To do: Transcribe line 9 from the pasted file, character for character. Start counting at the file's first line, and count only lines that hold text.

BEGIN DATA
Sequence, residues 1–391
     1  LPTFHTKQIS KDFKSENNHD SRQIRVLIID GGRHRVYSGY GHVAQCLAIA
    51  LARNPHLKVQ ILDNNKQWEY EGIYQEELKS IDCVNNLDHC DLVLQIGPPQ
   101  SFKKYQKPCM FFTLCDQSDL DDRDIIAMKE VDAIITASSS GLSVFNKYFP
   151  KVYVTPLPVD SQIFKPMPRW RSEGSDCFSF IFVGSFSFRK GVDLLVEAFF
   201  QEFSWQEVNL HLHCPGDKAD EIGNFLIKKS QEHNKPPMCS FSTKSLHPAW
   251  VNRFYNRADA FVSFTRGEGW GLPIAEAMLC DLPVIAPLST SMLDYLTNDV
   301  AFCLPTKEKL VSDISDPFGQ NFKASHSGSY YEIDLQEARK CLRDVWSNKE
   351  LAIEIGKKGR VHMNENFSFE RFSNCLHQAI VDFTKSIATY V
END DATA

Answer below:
   351  LAIEIGKKGR VHMNENFSFE RFSNCLHQAI VDFTKSIATY V